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17 June 2021
Which measures – technical, policy, and legal – should states put in place to avoid or at least reduce the risk of civilian harm from military cyber operations during armed conflicts?
We asked undergraduate students to explore the subject in an essay competition organized as part of our joint research project with the International Committee of the Red Cross (ICRC) on the digitalization of armed conflict.
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In her winning essay, Digital Safe Havens: Sheltering Civilians From Military Cyber Operations, Isabelle Peart brings forward novel suggestions on how to reduce the risk of harm to civilians posed by military cyber operations.
The author, who pursues a Bachelor of Economics/Laws Degree at the University of Queensland in Australia, demonstrated a clear understanding of international humanitarian law, adapted the little-known concept of demilitarized zones to the cyber context, and – on that basis – made a compelling argument for the establishment of international digital safe havens.
This paper will be published in the ICRC Humanitarian Law & Policy Blog this summer, as part of a series on avoiding civilian harm during military cyber operations.
Tatjana Grote from the University of Leipzig arrived second, and the third place is shared by Ju Zhao from the George Washington University and Zahbea Zahra from the Kinnaird College for Women in Pakistan.
‘Even though a competition can only have one winner, I would like to congratulate all participants who took the time and effort to do research and share with us their thoughts on this important subject. At the ICRC, we hope they will maintain their interest in this important field as they continue their studies and beyond. We have learned a lot from the creative and innovative ideas expressed by the students and I am sure many of them will inspire our work in the future’ says Laurent Gisel, co-chair of the international expert jury and Head of the Arms and Conduct of Hostilities Unit at the ICRC.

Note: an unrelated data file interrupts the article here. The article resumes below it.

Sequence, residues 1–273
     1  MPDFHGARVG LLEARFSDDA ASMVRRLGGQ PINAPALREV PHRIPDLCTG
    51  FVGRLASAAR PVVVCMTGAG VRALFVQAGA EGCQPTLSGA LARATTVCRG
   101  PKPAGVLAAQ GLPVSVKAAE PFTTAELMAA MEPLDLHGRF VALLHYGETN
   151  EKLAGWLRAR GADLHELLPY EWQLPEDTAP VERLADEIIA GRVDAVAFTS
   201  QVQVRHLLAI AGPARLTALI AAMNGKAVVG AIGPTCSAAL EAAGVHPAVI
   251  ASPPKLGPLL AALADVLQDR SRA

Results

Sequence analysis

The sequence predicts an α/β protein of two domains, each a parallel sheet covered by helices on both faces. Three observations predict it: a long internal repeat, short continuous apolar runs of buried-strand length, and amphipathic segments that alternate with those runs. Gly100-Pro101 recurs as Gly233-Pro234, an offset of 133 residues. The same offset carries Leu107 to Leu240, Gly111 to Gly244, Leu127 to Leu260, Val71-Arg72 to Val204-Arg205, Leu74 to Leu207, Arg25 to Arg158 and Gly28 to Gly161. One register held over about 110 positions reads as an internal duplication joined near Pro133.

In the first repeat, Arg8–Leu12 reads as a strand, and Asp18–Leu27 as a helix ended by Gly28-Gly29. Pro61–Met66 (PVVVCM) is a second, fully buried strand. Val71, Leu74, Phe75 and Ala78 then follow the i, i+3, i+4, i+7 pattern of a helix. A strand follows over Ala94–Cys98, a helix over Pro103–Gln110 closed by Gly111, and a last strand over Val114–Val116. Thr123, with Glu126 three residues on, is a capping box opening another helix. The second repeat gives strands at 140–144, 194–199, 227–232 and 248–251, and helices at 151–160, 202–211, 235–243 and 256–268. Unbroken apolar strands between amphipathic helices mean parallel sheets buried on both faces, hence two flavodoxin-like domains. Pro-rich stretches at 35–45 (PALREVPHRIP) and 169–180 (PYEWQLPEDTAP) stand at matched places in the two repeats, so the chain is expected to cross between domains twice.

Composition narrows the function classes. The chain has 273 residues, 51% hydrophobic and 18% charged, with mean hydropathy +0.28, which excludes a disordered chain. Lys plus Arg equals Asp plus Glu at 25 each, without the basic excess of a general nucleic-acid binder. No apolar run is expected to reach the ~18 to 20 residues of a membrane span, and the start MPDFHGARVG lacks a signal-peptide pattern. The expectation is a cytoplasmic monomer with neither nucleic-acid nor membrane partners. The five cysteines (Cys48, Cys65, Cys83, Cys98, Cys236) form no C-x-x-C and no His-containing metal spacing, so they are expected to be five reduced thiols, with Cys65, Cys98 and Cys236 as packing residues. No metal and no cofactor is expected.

‘Reducing the risk of civilian harm from military cyber operations is at the forefront of current protection questions during armed conflicts. Hearing from the young generation – who can look at this issue with fresh eyes and propose out of the box solutions – is therefore key to ensure the continued relevance of international humanitarian law in these contexts. This is why the essay competition specifically targeted undergraduate students from various backgrounds’ underlines Professor Gloria Gaggioli, Director of the Geneva Academy.
In total, 62 entries were received from 29 different countries.
Daniel Fyfe follows our online Executive Master in International Law in Armed Conflict while working as an Associate Expert at OHCHR in Geneva on UN treaty bodies’ individual communications procedures.
Our podcast In and Around War(s) returns for a second season of conversations with our alumni on topical issues related to wars.
In this Human Rights Conversation, panelists will discuss the challenges that neurotechnologies raise for the enjoyment of human rights and the current work of the UN Human Rights Council Advisory Committee on this issue.
Organized by the Geneva Academy and the ICRC, the Advanced IHL seminar for academics and humanitarian policymakers aims to enhance the capacity of academics to teach and research IHL and contemporary issues arising during armed conflict, while also equipping policymakers with an in-depth understanding of ongoing legal debates and their relevance to decision-making.
UN Photo/Violaine Martin
The IHL-EP works to strengthen the capacity of human rights mechanisms to incorporate IHL into their work in an efficacious and comprehensive manner. By so doing, it aims to address the normative and practical challenges that human rights bodies encounter when dealing with cases in which IHL applies.